Regulatory changes are not normally the concern of a strategic foresight consultancy, but the possible departure of the United Kingdom from the European Union is a once in a lifetime event. Brexit’s effect on global financial institutions is worth an examination to help inform strategic decisions that may need to be made about the future. As financial institutions (FIs) are mandated by current regulations to have contingency plans, it is helpful to think about how these institutions can survive and how they can even excel in this time of uncertainty.
Passporting has been a major driver of the growth of London as a FinTech hub. Henry Kravis, co-CEO of KKR, stated that he expects 20% of London’s financial sector to leave “because they need that passport to operate on the continent.” In the City of London 11% of workers hail from a different country in the EU. Post Brexit, the right of these employees to continue working in the City will be up in the air. What effect will the end of passporting have on financial services firms in Europe?
What is Passporting?
Passporting is the popular term used to describe the right of a firm operating in a European Economic Area (EEA) state to conduct permitted activities in any other EEA state by either exercising the right of establishment (of a branch and/or agents) or providing cross-border services. This right only exists for as long as the UK is a member of the EEA. UK-licensed banks (those with UK headquarters or foreign headquarters) would need to seek extra licenses from the EEA member state in which they want to do business in order to offer financial services in that member state.
This decision manifests itself through an FI’s decision to conduct operations in another country as either a branch or a subsidiary. A branch takes advantage of passporting, where a subsidiary must submit to local licensing rules and regulations. Many large foreign banks operate in the UK as branches. Deutsche Bank, for example, derives 19% of its net revenue from the UK and operates as a branch.
Passporting works both ways. Many European banks operate branches in London under passporting, and many UK-based banks utilize the regulatory framework to have branches throughout Europe.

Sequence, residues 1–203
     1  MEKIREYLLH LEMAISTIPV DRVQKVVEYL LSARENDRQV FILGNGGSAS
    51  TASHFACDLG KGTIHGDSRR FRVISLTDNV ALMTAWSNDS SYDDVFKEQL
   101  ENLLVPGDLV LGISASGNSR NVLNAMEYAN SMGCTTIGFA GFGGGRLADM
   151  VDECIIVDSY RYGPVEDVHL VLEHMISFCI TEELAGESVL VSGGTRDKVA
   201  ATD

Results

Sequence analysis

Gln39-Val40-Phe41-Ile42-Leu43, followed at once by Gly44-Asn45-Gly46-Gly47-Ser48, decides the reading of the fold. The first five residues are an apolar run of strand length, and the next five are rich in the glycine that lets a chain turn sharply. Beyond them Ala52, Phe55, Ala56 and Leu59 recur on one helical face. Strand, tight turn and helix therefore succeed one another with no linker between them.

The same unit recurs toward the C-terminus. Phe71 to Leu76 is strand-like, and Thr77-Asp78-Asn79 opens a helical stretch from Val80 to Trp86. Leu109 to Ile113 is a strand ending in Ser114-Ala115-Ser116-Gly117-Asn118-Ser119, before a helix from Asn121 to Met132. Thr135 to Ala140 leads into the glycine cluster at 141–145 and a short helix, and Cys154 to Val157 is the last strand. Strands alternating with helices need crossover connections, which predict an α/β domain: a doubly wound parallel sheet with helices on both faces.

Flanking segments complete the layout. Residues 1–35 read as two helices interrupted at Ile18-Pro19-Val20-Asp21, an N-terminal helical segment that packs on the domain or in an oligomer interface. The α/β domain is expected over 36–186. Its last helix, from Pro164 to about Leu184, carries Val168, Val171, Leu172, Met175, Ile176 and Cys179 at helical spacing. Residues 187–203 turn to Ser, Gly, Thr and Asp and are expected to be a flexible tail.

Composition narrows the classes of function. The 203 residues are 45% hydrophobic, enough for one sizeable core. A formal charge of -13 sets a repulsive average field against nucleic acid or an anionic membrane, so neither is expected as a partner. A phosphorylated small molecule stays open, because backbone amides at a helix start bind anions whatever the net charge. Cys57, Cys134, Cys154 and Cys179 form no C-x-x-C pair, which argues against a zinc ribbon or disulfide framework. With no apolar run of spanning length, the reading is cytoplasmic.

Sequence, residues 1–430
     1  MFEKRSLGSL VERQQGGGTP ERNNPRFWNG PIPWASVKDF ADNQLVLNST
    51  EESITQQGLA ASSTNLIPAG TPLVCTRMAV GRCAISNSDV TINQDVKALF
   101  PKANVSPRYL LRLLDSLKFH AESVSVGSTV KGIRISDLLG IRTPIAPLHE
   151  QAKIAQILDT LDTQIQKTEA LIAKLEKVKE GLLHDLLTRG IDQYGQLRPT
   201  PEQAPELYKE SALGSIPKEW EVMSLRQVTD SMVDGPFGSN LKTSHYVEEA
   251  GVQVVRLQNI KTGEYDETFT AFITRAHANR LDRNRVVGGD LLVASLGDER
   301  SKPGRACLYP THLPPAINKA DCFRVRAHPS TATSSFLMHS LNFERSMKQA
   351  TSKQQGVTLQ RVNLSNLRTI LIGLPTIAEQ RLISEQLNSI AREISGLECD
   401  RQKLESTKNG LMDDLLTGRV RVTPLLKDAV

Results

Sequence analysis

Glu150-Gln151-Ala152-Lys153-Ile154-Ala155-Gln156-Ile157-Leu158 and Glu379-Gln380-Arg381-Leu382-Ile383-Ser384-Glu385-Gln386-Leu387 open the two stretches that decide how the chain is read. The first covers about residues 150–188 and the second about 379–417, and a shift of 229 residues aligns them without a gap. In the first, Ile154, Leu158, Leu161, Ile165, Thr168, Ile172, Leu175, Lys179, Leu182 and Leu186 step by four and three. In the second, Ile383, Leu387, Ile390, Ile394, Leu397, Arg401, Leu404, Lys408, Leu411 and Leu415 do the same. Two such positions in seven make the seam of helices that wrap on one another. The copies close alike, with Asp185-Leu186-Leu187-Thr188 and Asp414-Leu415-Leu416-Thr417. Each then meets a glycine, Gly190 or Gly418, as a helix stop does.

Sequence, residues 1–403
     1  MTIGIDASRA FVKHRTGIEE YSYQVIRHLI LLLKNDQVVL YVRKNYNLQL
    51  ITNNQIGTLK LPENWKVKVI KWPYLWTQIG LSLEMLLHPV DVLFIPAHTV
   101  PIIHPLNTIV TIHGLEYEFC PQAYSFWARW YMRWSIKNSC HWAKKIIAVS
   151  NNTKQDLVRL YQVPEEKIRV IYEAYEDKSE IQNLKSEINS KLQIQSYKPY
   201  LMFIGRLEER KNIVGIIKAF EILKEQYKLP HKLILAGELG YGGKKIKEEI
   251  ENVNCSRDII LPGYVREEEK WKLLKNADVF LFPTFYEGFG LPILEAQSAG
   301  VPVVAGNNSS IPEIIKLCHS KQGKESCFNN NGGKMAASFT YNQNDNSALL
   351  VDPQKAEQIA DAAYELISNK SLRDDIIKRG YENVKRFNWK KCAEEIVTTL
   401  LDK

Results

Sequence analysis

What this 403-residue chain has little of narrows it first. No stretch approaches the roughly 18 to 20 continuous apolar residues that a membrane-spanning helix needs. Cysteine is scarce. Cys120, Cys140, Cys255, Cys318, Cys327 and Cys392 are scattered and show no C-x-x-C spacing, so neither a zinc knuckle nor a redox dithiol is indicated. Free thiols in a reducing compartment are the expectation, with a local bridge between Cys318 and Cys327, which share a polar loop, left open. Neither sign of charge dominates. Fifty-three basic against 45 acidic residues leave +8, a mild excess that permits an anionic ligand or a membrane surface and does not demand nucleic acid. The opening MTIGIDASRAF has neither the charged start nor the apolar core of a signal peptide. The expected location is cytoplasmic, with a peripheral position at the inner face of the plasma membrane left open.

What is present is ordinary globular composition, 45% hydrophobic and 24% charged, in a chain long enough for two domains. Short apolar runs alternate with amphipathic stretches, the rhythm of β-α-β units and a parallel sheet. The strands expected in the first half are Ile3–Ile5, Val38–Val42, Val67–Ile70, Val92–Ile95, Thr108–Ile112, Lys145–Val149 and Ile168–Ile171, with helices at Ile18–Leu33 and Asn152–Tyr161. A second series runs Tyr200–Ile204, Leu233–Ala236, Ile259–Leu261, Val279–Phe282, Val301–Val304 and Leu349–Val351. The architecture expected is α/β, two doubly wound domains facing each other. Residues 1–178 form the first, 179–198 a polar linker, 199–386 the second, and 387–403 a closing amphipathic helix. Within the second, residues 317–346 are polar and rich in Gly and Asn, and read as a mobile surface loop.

For more than a century, the City of London has dominated other European capitals in terms of financial services. Brexit could be the opportunity that these cities have been waiting for. While it would be in the UK’s interest to negotiate an arrangement equivalent to passporting with the EEA, they are likely to encounter resistance from countries who see Brexit as a chance to substantially increase jobs and income tax bases.
While Brexit would allow the UK to relax capital rules that limit bankers’ bonuses, it may not be enough to compensate for increased regulatory costs. Ireland, an EAA member, is in the same time zone as the City of London and has a low (12.5%) corporate tax rate that has already made it the ideal place for European headquarters for many foreign companies.
End of Local FinTech
Many financially oriented startups call London home. They do so because of the quality of talent, availability of capital, and the local regulatory environment. By being based in the UK, these startups can access the entire EEA from one location. This has driven the dramatic growth of companies like Azimo, Ensygnia, Judo Payments, and others. The screencap of the Monese website below is illustrative of this:
These companies will be faced with a choice to either move or only serve the local market. As most startups are cash-strapped and facing financing headwinds driven by Brexit-driven uncertainty, they will be unable to relocate.
Who Wins in the Possible Future?
In the low-growth environment expected post Brexit, banks and insurance companies are likely to be especially hard hit. Following the June 23rd referendum, the banks and insurers on the FTSE suffered higher declines in their stock price than other non-financial corporations.
The end of passporting will create constraints, but constraints create innovation. International expansion and growth of local financial firms inspires competition based on price. A forced hard look at the local market will lead UK FIs to the opportunity at hand. Focusing on international growth fails to take advantage of the changes occurring at home.
Demographics will have a large impact on any future scenario. With the percentage of people over the age of 80 set to double in the next twenty years, how are customer experiences being simplified and adapted? There is a huge intergenerational wealth transfer expected to occur from boomers to millennials, but before that happens, there will be an intergender wealth transfer driven by the lower life expectancy of men compared to women. How can FIs be prepared to address those needs?
While Brexit-led uncertainty has driven declines in property value locally, ownership of this property is still beyond the reach of many. What kind of products and services will help to finance the life goals of digital natives, and will these new products and services replace the mortgage?
With an increased reliance on the local market to drive growth, market players will be forced to create compelling customer experiences that drive increased engagement. Market events like this reinforce the need to create signature customer experiences that drive brands and create customer loyalty.